Thursday, 5 April 2018

Botched repairs

It'll be interesting to see how the EQC debacle plays out now that it doesn't have a Minister committed to covering up the cracks by shifting the carpet around.

Here are a couple things that Minister Woods could usefully have her team check in on. They're my working hypotheses about what happened in that mess, but they're not solid enough to have made it into our report. They're hunches. They're hunches that are difficult to test from outside the system on limited resources. And I hardly expect that the hunches are unique to me - they're kind of the shared mythos of Christchurch as of the time I left in 2014.

Hypothesis 1: EQC was generous after the September 2010 quake. Probably too generous. EQC was sitting on a pile of money. We were going into an election. So everybody on the west side of Christchurch in National electorates (in the west of town, closer to the quake's epicentre) got a home makeover if there was a crack in the paint somewhere. Is this true? We sure had the impression it was true, and there are tons of anecdotes around it. If it's true, how much money was wasted there that might have been put towards later repairs?

Hypothesis 2: After February, EQC systematically downscoped repairs as the extent of the shortfall in its reinsurance relative to its claims became clear. I think EQC saw its main job as minimising cost overruns to central government and the draw on central government resource rather than playing straight with its claimants. Full foundation jobs became jack-and-pack. Leveling floors to as-new became "pretty level" MBIE good-enough standards rather than what was in anybody's insurance contract. What EQC's now blaming Fletcher for (Fletcher project managed a pile of the repairs*) is very likely a consequence of scopes inadequate to the scale of the damage. And blaming Fletcher for accepting crappy scopes of work is a bit off where it was darned hard to fight EQC on the scope. EQC downscoped ours two or three times - and our opt-out builder got some of it back through variances as the project continued. So check back on how final scopes of work varied from the initial scopes. What fraction of them were downscopes? Is that fraction consistent with what we'd expect in the normal course of assessment as you get more certainty about the actual damage? Is there data on the actual qualifications of the folks who did the assessments, and how that correlates with the scopes of work and whether it's now a munted repair job?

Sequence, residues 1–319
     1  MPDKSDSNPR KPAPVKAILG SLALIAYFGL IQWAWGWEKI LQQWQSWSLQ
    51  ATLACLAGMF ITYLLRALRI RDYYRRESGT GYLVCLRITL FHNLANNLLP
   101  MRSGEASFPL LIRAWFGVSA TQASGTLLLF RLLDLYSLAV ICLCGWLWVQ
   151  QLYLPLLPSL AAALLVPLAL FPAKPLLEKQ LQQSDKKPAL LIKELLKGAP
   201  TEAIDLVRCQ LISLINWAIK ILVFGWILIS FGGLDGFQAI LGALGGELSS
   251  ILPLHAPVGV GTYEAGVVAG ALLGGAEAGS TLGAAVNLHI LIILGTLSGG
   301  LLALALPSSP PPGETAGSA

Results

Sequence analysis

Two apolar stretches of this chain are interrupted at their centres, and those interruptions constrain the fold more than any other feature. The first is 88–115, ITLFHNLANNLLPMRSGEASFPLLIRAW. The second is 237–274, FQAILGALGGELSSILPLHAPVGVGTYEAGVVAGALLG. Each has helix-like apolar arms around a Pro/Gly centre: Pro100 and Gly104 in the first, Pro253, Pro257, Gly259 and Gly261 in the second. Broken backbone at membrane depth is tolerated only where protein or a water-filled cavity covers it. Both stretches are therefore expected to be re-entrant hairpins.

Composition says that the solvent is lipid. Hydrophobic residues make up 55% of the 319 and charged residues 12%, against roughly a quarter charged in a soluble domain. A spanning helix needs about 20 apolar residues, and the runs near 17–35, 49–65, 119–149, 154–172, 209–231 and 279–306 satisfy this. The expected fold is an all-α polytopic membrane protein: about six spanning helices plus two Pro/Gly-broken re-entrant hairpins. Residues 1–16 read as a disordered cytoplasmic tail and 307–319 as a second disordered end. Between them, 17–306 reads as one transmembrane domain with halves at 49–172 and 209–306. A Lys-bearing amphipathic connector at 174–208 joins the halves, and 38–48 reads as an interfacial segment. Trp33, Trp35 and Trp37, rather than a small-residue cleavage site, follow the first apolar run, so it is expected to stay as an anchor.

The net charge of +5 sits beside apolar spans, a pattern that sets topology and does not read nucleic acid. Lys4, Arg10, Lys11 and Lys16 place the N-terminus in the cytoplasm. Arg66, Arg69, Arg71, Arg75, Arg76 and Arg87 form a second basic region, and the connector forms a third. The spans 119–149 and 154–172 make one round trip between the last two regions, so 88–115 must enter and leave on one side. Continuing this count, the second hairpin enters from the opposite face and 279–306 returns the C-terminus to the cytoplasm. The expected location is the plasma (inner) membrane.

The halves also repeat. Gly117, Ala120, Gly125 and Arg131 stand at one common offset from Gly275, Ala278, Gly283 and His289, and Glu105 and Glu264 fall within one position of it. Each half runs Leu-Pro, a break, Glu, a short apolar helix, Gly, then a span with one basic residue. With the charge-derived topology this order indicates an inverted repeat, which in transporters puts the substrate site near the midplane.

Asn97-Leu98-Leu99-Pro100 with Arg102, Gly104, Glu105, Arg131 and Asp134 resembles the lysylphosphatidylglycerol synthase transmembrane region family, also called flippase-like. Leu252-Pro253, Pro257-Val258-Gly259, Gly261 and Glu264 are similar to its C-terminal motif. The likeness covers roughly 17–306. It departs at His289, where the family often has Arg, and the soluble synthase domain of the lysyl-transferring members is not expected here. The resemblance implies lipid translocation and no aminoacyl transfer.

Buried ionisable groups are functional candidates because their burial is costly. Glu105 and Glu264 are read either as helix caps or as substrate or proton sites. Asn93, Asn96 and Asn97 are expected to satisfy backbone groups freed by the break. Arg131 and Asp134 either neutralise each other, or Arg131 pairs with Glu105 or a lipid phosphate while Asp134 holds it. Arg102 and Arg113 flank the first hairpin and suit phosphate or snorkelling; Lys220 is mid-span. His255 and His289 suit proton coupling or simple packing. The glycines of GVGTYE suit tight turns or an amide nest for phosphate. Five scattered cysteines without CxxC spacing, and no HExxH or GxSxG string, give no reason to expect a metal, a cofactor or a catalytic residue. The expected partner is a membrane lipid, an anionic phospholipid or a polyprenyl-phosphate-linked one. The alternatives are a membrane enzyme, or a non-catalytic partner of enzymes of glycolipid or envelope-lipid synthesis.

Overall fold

With the change in government, we now have some chance of figuring out what the heck all happened in Christchurch.

In related news, I'm still chasing Lloyds of London to see whether they'd sell me a parametric insurance policy that just gives me a pile of cash if there's ever a Wellington earthquake of comparable size to Christchurch's. That's simple to define for a parametric contract, but where it's a market of just me, it's likely not worth anybody's time to build the contract. I'd expect that anybody who ever had to deal with EQC would be interested in purchasing actual insurance instead of the "let's pretend you're insured" product that we wound up having.

And I also hope that Minister Woods will not delay overmuch in flipping the EQC arrangements so that people only have to deal with their private insurer and EQC just writes cheques in the background.

* Fletcher's is one of our members at the Initiative, so disclosure on that. We made a point of opting out of Fletcher's project management when fixing our house in Christchurch because we'd already, after September, sourced a builder who specialised in the kind of 1930s weatherboard place we had. We didn't want luck-of-the-draw builders assigned by some other project manager. In 2011, when Fletcher was given the job (I was at Canty at the time), it smelled funny to me. So I did some quick-style work looking at the effects of the earthquakes on Fletcher share prices and I just couldn't see anything there. I concluded that even if a centralised project management office wasn't the best idea, Fletcher didn't seem to be getting rents out of it.

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